Acetyl CoA is formed from carbohydrates, fats, and the carbon skeleton of amino acids. The origin of a precursor and the extent of its utilization depend on the metabolic capability of a specific tissue and on the physiological state of the organism. For example, most mammalian tissues have the capacity to convert glucose to pyruvate in a reaction called glycolysis. Pyruvate is then taken up from cellular cytosol by mitochondria and oxidatively decarboxylated to acetyl CoA and carbon dioxide by pyruvate dehydrogenase. Acetyl CoA is also the end product of fatty acid oxidation in mitochondria. However, the fatty acid oxidation pathway occurs in fewer tissues than does glycolysis or the citric acid cycle. The amino acids follow varied pathways for forming compounds that can enter the citric acid cycle. See Amino acids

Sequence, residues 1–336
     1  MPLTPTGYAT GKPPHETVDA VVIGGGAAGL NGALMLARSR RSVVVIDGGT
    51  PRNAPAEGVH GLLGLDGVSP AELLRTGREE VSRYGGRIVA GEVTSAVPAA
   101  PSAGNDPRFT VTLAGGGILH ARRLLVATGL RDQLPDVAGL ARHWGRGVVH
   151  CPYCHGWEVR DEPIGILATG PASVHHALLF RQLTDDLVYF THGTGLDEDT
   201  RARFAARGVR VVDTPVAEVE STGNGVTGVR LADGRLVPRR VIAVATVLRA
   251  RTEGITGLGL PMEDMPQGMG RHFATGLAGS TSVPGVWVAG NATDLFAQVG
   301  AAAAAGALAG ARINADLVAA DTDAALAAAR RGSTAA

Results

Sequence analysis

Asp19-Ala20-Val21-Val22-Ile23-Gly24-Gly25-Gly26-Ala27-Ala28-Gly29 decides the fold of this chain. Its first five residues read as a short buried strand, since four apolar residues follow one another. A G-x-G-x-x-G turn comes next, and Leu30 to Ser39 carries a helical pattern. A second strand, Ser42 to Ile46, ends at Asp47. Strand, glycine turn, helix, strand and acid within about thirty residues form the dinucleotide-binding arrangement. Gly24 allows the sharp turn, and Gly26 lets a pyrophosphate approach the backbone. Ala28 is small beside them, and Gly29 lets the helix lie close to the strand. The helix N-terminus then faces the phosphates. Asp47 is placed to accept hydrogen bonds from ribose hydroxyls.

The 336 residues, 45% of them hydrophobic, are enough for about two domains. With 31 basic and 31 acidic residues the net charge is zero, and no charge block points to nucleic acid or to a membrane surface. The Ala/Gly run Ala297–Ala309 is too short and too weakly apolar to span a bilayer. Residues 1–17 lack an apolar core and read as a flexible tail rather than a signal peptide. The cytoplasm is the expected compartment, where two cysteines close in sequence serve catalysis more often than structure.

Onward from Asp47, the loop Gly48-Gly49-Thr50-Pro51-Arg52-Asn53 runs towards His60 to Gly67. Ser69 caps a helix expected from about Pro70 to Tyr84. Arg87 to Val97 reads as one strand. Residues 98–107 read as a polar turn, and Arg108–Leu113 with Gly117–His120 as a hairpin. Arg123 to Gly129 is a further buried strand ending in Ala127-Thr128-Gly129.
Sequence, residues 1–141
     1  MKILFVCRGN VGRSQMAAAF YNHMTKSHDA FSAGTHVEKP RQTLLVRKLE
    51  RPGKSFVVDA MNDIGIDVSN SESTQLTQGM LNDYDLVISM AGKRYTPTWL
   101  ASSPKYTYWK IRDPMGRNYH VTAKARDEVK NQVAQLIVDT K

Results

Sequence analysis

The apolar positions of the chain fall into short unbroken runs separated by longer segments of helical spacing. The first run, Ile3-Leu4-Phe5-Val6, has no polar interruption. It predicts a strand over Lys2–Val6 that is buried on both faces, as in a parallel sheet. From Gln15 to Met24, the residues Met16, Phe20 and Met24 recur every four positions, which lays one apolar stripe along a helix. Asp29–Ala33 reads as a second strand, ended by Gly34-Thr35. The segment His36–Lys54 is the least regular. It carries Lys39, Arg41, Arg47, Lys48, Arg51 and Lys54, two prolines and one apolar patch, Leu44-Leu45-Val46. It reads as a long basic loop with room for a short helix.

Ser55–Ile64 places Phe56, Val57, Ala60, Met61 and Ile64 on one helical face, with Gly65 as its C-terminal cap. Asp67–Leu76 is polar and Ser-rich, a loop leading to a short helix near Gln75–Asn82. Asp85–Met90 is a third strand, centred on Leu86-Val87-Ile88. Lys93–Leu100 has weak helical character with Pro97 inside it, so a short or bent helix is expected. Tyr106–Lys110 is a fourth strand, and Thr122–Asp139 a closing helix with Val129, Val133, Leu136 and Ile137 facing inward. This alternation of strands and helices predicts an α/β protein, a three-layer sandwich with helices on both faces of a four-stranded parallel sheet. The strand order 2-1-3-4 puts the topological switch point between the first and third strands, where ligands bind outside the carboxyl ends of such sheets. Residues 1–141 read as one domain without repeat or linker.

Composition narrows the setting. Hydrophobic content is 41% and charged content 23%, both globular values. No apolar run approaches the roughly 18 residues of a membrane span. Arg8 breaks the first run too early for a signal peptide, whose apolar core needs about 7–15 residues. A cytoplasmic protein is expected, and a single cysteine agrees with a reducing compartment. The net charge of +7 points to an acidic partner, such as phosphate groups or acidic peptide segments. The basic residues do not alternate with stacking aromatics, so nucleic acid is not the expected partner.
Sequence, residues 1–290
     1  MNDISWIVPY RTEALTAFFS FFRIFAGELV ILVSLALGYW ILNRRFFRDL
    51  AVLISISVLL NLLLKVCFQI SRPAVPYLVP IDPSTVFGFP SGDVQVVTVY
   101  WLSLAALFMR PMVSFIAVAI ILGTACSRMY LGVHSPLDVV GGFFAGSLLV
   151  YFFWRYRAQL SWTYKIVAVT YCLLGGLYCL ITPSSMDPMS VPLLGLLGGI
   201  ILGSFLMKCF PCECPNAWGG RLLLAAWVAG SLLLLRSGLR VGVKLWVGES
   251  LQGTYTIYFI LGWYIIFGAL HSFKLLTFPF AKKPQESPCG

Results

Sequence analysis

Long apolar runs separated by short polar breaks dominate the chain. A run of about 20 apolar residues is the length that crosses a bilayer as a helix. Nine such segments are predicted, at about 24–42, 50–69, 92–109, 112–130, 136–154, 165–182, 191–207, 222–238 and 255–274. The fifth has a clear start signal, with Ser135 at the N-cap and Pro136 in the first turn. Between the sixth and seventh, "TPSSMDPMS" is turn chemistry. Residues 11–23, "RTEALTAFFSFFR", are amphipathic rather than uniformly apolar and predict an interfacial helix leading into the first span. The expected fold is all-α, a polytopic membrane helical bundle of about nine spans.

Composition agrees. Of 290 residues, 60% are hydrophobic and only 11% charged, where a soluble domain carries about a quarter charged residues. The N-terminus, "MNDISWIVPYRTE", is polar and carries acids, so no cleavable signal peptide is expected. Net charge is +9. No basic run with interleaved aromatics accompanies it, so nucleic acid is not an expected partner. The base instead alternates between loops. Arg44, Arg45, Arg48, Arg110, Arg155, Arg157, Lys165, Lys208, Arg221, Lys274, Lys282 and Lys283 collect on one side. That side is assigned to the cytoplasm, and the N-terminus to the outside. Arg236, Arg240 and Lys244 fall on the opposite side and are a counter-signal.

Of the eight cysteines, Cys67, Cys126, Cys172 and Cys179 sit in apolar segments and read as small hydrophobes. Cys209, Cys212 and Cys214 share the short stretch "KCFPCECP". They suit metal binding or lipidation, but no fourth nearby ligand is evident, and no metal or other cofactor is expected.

In addition to the cycle's role in yielding catabolic energy, portions of it can supply intermediates for synthetic processes, such as the synthesis of the fatty acid moiety of triglycerides from glucose (lipogenesis), and formation of glucose from the carbon skeletons of certain amino acids, lactate, or glycerol (gluconeogenesis). See Carbohydrate metabolism, Cell (biology), Glucose, Glycogen, Lipid metabolism, Metabolism

McGraw-Hill Concise Encyclopedia of Bioscience. © 2002 by The McGraw-Hill Companies, Inc.

citric acid cycle

[′si‚trik ′as·əd ′sī·kəl]
McGraw-Hill Dictionary of Scientific & Technical Terms, 6E, Copyright © 2003 by The McGraw-Hill Companies, Inc.